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Working with children and teens: Information for parents

As they grow up, children have to deal with change, loss, bullying, violence, criticism, low self-esteem, and changing body image as they move through rapid growth periods over short periods of time. There are numerous challenges to cope with in daily life, such as making friends, moving to a new school, challenging academic work, sports activities, peer pressure, as well as the pressures of social media, and parental expectations.

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Teenagers as a group have special needs that are different from adults. I teach coping skills, emotional management, practical skills, and strategies for navigating today's tricky world. 

Why children and teens experience problems

Children and teens show their reaction to stress, change, and trauma in different ways. They might compare themselves to others and develop low self-esteem. There might be problems at school, with sleep, or perfectionism and being self-critical or angry. Some children have headaches or develop stomach problems or eating issues. One of the doctors who refers children to me said that up to half of the patients they assess at the hospital have no discernible physical illness. Unexpressed emotions may cause physical symptoms.


Teenagers might be sullen and uncommunicative and turn to potentially addictive coping mechanisms.


Your child might have already gone through rounds of appointments that include physical tests and screenings, psychological assessments, and the prescription of medications. Unfortunately with medical issues, this type of therapy is not often considered until other avenues have been exhausted - along with both parents and children!


If the child or teenager is expressing concern about their own behaviour or ability to manage complex situations and is looking for help to address these concerns, then Human Givens therapy can be very beneficial. Guided imagery and relaxation offer a chance to learn more appropriate coping skills to use in daily life.

What to expect in a session

At the first session, I will first listen to your concerns and those of your child in order to gain a complete picture of the problem and its context.


With younger children, it is often not necessary to explain in detail to your child that they are going for "therapy." It may simply be explained that they will be having a relaxed and quiet time in which they will listen to stories and use their imagination to solve their problems. They will also learn short, practical techniques that they can practice at home and use in daily life.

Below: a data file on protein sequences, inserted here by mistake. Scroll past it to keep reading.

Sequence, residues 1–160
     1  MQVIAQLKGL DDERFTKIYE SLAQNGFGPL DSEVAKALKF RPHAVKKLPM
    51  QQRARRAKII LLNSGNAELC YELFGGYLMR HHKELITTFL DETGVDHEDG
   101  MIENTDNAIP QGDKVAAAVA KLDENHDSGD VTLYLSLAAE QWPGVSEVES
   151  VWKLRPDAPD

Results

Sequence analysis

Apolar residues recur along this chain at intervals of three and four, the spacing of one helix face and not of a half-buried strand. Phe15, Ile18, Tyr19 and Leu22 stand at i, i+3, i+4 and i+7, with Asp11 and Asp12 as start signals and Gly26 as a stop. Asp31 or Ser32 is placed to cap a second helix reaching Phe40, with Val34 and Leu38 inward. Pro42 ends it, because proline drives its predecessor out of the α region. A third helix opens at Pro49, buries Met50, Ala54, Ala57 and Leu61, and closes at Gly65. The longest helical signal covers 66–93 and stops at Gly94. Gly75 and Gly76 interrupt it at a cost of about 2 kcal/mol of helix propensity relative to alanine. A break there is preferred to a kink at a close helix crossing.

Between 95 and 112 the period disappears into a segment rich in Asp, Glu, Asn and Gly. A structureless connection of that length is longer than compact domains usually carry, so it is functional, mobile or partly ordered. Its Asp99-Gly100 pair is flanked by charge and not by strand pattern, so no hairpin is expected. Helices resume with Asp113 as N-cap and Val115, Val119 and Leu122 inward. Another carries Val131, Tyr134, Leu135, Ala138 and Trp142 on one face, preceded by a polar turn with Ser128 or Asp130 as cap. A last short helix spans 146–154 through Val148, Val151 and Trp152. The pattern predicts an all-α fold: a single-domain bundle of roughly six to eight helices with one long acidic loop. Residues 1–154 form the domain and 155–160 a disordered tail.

A parent’s stress or anxiety about a particular behaviour can often make change more difficult for the child. During the session, for children 12 and under, the parent or guardian is welcome to be present if the child wants the parent to be there. This also allows the parent to experience the benefits of guided imagery and relaxation. With teens, after the initial information gathering in the first session, it is recommended that the parent leaves the room, unless the teen is particularly anxious about being separated from the parent.

How do you do therapy with young people?

Just like with adults, I will look for unmet emotional needs and missing coping skills. I will introduce positive suggestions often presented in the form of a story or a metaphor. Children respond very well to stories, and most children have vivid imaginations. I will use this ability, so the child can mentally rehearse making changes, through visualization. If your child is able to sit still, listen, and follow directions, for a period of time e.g. 15 minutes, then they will be able to take advantage of guided imagery. Very young children often can't do this, but you know your child best.

Young people have an openness to new ideas that makes them especially good candidates for this type of therapy. They become relaxed and focused quite easily, and are happy to take on ideas that will help them to deal with any problems they are facing and make changes.

Will my child have to do homework or practise at home?

I will provide mp3 recordings for your child to listen to regularly at home. This homework is usually about 10 minutes per day for younger children and 15-20 minutes for teens.  The practice your child does at home will make all the difference as regular repetition helps to reinforce what the child has done in a session with me. 

The list below gives some idea of issues that I have worked on with children and adolescents:

  • Allergies

  • Anger

  • Anxiety & repetitive/intrusive thoughts

  • Asthma

  • Athletic ability or performance

  • Bedwetting (Enuresis)

  • Chronic illness, disability, or neurodiversity

  • Concentration and memory

  • Confidence or self-esteem

  • Death or loss of a beloved pet

  • Divorce

  • Domestic violence or abuse

  • Eating issues

  • Fear of medical/dental procedures

  • Fears and phobias

  • Getting along with siblings

  • Grief and loss

  • Headaches

  • IBS (functional stomach/bowel issues and nausea)

  • Motivation

  • Nail biting, nervous habits, behaviours or tics

  • Negative self-talk

  • Pain

  • POTS

  • School problems e.g. bullying, exam nerves

  • Shyness or social anxiety

  • Sleep problems or nightmares

  • Stealing

  • Stuttering

  • Stress

  • Time management/procrastination

  • Thumb-sucking

  • Trouble making or keeping friends

  • Weight management

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